Oil Traders Backpeddle on Accelerated Rebalancing

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Posted by Joseph Keefe

Brent spreads have weakened sharply in recent days as
traders become less convinced the oil market will rebalance early
in the second quarter.

The calendar spread from May to June has eased from 6 cents
contango per barrel on Feb. 21 to 30 cents contango on Feb. 27

Calendar spreads track the balance between crude supply,
consumption and stockpiles, with contango indicating a market in
balance or oversupply, while backwardation is associated with a
fall in stocks.

Most traders and forecasters expect the oil market to shift from
a supply surplus in 2014/15 to a deficit in 2017/18 with a
corresponding shift from contango to backwardation.

But the timing and profile of the transition is subject to
considerable uncertainty and has become one of the most popular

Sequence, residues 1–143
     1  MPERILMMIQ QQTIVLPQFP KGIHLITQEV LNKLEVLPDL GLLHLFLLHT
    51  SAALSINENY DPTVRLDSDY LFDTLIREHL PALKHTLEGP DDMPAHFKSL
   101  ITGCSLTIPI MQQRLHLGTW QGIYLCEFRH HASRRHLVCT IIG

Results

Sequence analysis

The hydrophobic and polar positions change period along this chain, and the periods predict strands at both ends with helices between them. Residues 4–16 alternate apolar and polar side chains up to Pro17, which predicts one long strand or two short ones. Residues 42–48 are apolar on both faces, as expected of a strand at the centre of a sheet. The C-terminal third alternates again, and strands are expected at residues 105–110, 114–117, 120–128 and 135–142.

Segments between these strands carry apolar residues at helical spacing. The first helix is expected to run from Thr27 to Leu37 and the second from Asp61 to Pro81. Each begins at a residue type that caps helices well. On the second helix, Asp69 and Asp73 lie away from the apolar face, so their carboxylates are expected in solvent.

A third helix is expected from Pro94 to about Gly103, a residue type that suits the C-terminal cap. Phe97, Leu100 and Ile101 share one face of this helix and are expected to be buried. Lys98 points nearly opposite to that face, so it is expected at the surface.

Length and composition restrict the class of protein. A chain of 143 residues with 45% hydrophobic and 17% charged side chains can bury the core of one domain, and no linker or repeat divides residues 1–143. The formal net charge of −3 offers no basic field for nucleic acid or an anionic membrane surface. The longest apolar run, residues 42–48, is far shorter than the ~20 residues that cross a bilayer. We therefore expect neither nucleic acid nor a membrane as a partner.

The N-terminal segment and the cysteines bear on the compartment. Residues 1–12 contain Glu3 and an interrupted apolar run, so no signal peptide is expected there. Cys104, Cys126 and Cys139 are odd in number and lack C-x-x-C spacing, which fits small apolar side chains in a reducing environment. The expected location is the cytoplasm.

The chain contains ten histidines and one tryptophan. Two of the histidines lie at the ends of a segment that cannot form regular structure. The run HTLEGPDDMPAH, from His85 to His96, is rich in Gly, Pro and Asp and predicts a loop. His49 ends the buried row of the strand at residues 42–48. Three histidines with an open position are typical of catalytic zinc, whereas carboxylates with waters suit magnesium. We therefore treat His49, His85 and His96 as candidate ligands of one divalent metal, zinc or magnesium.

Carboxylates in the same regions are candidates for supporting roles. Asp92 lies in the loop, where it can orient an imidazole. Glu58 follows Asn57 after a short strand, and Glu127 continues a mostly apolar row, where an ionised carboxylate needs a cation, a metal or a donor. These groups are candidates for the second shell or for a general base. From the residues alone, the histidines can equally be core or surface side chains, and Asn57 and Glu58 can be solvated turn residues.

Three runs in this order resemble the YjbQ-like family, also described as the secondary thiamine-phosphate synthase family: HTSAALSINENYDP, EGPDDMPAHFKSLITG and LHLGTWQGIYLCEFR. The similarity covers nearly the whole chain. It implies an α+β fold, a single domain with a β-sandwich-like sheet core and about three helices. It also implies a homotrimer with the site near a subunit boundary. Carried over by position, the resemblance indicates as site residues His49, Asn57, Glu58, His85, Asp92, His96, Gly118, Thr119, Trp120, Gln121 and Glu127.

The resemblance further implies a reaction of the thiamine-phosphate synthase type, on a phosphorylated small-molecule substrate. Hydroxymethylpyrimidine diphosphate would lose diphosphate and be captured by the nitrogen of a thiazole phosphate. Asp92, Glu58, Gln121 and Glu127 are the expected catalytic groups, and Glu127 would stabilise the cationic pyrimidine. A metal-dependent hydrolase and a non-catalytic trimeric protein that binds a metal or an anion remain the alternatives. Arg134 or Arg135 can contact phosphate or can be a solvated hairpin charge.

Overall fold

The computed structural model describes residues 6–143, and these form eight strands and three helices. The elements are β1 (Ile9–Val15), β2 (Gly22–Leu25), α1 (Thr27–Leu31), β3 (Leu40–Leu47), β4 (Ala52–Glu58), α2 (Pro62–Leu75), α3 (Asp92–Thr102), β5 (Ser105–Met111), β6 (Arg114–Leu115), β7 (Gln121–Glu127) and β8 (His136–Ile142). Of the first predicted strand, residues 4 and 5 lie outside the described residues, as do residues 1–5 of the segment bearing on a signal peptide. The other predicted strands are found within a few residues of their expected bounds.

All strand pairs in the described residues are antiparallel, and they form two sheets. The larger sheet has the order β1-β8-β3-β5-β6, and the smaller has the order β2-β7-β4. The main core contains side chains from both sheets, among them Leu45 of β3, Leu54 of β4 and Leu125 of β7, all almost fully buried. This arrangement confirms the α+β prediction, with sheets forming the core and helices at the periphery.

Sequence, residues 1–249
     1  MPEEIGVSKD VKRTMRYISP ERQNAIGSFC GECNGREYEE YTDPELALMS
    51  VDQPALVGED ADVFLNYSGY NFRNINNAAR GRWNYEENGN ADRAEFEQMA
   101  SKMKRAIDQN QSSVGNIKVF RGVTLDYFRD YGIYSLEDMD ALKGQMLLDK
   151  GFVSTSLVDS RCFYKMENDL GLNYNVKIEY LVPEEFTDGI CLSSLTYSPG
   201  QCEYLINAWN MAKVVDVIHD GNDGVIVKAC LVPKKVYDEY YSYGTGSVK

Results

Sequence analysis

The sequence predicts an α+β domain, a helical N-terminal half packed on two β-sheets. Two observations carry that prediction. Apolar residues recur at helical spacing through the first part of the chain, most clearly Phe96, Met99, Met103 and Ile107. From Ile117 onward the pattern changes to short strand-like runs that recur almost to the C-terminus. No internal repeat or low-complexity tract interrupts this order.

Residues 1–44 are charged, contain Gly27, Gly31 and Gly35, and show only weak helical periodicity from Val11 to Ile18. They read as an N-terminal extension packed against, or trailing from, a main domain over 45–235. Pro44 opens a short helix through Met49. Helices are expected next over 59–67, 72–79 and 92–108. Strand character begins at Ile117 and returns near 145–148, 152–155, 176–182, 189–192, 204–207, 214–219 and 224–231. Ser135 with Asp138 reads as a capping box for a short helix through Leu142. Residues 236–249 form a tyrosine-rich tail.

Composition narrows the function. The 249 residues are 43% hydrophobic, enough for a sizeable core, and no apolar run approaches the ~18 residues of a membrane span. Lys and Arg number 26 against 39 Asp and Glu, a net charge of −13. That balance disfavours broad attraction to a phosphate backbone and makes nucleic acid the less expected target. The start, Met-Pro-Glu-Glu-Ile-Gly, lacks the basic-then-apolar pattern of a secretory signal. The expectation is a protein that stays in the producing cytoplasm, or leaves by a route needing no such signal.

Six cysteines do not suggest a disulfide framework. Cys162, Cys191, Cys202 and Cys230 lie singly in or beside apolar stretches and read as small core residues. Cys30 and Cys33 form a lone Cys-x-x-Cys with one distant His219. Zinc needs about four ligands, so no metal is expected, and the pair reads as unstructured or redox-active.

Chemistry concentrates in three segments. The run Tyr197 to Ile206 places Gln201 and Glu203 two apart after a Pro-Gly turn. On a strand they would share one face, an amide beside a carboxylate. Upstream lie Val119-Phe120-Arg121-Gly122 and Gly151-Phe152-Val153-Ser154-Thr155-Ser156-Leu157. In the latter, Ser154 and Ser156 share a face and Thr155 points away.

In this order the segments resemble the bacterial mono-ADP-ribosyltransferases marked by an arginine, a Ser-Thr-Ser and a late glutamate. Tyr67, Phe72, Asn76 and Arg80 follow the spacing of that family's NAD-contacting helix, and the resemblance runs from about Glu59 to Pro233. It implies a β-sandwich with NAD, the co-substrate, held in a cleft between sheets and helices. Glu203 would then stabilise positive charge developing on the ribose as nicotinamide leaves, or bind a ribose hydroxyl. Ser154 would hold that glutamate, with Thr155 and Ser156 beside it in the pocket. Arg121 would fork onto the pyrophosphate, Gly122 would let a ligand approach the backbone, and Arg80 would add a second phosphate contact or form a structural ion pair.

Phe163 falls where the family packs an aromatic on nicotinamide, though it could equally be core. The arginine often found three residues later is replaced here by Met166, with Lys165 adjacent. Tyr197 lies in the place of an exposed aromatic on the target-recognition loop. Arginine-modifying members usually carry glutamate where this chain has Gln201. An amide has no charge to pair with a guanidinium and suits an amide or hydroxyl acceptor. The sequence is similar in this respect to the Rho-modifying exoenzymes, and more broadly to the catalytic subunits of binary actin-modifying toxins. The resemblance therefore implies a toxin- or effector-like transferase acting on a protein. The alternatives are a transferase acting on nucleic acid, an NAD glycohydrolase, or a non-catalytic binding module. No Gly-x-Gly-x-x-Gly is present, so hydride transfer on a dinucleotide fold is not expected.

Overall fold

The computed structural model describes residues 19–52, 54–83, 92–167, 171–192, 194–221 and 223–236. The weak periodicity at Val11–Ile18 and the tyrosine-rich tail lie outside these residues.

plays for hedge funds and other traders.

Spreads for the first few months of 2017 rallied consistently and
sharply since the middle of January before backing off in recent

The rally and subsequent reversal has been concentrated in the
second quarter while spreads for the third and fourth quarter
have been much more stable (http://tmsnrt.rs/2lP0w5W).

The rally and reversal were most pronounced in Brent though a
similar pattern has been visible in spreads for WTI

Hedge funds accumulated a large net long position in WTI spreads
following the announcement of production cuts by OPEC and
non-OPEC countries in November and December 2016.

But the net long position has fallen from a recent peak of 160
million barrels in mid-January to 127 million barrels on Feb. 21.

The net position declined by 18 million barrels in the most
recent week alone and is back to levels last recorded in December

Hedge funds and other traders bet the market would rebalance even
faster than expected with a large draw down in stockpiles between
April and June.

But in recent days that confidence has evaporated and the market
is back to anticipating the draw down will start in earnest in
the third quarter.

Crude traders moved too early and aggressively in pricing in a
tighter market and a big draw down in stockpiles and now they
have backed off, at least for the time being.

By John Kemp

Feb 28, 2017

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